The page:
Wales used to have a strong executive model – it was called the Welsh Office. It wasn’t elected, it certainly wasn’t perfect, it did slow down the decision-making process and also the ability to act quickly in the event of unforeseen emergencies, but it served as an umbrella link between the legislative and non-legislative bodies in Wales that actually did the work and the elected government of the day. It therefore had the necessary ‘democratic’ legitimacy.

    Was it beneficial? Probably not… Was it necessary? No! Is anything else necessary? No!

  5. John Winterton Richards appears to blame the current model for the poor levels of electoral participation compared with Scotland. In a piece for Click on Wales last July Martin Shipton made the point (albeit in a different context) that Wales has such a weak indigenous media (compared with Scotland and Northern Ireland) that coverage of Welsh affairs is much lower than is perhaps necessary to engage the electorate to a level that will stimulate greater participation.

    He further assumes that our current model of Unitary Authorities will persist. The jury is still out on that although his model could arguably justify their future, but none of that would necessarily increase electoral participation. This is and will remain a major challenge for Welsh politics.

  6. If we’re going to adopt the constitutional mores of the Middle Ages why bother with the time, effort and expense of electing a “President of the Council of Wales”.
    To complete the comedy effect of Devolution 2.0 invest Prince Harry.

  7. This solution comes from a very flawed analysis of the problem.

    First: Welsh Government is more effective and more accessible than what preceded it.

    Second: The Welsh Government has limited governance over us compared to England.

    The real problem is the incompetence, corruption, racism and lack of democracy of Westminster Imperialism. Even Farage equated it with evil as it seeks to construct a single Supra-National English state.

    Nations have their own governments not because it is more effective but because it is not only their basic human right to run their own affair,s but their duty. From that they must co-operate with others, not subjugate them. Something the Brexit movement turns on its head.

  8. Thank you all for your comments. Sorry it is not possible to respond to them all in detail as they deserve.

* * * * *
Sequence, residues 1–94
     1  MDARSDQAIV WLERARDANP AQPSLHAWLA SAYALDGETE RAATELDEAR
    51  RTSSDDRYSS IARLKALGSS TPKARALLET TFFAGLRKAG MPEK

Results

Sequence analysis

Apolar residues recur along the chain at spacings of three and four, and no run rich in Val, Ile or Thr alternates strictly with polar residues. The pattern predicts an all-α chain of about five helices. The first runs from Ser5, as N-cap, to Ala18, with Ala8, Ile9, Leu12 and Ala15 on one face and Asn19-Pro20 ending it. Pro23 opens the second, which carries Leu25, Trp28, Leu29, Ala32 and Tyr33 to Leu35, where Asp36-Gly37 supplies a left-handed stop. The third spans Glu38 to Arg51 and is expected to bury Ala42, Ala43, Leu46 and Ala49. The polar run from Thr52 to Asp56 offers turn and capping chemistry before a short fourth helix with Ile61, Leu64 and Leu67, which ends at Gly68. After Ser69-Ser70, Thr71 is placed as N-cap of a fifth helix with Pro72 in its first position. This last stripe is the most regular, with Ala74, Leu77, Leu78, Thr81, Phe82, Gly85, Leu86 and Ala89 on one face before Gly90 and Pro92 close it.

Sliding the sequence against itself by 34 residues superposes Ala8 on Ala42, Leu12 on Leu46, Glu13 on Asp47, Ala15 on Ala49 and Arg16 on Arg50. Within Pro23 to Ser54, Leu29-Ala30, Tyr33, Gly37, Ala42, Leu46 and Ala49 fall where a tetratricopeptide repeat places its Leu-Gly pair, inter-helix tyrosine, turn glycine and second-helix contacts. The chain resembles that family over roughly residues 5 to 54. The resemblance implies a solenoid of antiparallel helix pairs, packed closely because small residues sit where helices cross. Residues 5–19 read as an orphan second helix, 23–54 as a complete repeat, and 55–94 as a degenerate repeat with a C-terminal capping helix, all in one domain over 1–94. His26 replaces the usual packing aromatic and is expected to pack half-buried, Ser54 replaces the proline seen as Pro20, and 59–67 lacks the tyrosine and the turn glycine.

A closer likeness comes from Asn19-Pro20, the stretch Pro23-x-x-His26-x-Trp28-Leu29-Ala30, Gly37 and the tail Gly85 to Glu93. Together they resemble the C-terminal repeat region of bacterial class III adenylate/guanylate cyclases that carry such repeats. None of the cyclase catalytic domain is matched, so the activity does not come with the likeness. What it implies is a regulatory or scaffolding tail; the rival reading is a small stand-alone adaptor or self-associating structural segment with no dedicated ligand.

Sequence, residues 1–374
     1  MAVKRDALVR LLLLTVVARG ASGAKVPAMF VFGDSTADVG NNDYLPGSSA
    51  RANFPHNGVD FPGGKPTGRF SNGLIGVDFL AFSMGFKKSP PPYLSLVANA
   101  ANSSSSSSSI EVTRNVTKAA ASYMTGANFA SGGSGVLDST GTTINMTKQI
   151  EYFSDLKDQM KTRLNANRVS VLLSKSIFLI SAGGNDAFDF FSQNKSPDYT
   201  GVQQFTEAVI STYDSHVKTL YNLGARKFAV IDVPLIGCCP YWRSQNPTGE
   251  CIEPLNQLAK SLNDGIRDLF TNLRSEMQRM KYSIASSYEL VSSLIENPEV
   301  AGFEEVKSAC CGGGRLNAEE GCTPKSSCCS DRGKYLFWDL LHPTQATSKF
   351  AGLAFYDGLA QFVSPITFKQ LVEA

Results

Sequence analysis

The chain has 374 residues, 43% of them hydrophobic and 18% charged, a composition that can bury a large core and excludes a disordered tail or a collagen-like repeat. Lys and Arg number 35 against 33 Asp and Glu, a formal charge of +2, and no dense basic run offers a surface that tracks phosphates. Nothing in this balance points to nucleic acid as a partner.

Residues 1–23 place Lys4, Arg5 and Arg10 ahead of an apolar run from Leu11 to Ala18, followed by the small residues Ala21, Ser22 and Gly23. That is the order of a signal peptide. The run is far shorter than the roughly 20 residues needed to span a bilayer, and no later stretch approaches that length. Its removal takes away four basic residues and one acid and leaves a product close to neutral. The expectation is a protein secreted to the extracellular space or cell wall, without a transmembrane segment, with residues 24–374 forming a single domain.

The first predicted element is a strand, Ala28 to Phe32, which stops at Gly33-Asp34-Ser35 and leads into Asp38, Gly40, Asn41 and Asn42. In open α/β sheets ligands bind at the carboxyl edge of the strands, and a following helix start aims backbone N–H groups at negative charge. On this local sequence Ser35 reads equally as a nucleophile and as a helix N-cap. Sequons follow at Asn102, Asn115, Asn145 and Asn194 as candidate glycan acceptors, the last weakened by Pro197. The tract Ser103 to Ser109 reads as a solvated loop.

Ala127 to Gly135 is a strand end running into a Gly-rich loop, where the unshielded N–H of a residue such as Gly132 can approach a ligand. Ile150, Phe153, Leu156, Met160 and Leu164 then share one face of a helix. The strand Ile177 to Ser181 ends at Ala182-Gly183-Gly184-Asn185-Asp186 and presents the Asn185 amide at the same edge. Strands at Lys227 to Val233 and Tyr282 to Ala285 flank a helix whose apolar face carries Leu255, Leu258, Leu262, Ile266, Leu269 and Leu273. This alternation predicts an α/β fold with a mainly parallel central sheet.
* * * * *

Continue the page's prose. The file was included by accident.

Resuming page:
Pam, the GVA statistics show a definite widening gap. If one wants to distinguish between a nation and its capital, Cardiff may, ironically, have benefitted economically from devolution in a way that most counties that voted for it have not. Whether the City is better off in non-economic terms as a result is more debatable.

    James, there may indeed have been occasions in the last 66 years when direct rule by Queen Elizabeth might have been better than what we had at the time! However, we live in an age of democracy and what is proposed here is simply the direct election of a head of government rather than an indirect election.

    Paul, the reference to the “oppressed poor” is a quote from a contemporary scholar, George Owen of Henllys. You are, of course, correct that the historical Council was not a modern, democratic organisation – but then nothing was, not even Parliament. What is suggested here is a new 21st Century organisation, modern and democratic, just more historically aware than the current setup.

    JRW, you are right that there is no pressing administrative necessity for a Welsh level of government of any sort, but, if we are to move towards a generally acceptable consensus, we have to acknowledge that many in Wales do feel the need for separate political organisation in order to express their nationality, even if others do not.

    Robin, while the media may share part of the blame, the real problem is structural: there is little correlation between votes in Assembly elections and the probability of change unless a single opposition party performs extraordinarily well, which is, by definition, unlikely.

    CapM, the direct election of a head of government by universal suffrage is not a feature of “the constitutional mores of the Middle Ages” – or of the current system. “Why bother?” The last three hundred years of history suggest democracy is usually the least inefficient and immoral form of government. That said, an amiable young retired army officer with a strong personal commitment to charity work and no partisan axe to grind might indeed be a better bet as a leader than most of the party hacks currently on offer. Of course, a Royal Prince could never stand in a public election – but, if he did, he might well win. Perhaps this thought might prompt a popular non-Royal to consider running. Anyway, better a lively comedy than a dull tragedy.

  9. @JWR
    “the direct election of a head of government by universal suffrage is not a feature of “the constitutional mores of the Middle Ages”

    Which is why I said invest and not elect. His father got the PoW job without any election.
    It’s only Wales after all and we’ve accepted Secretaries of State(for Wales) that we didn’t elect for generations.
    One person’s lively comedy is another person’s sick joke.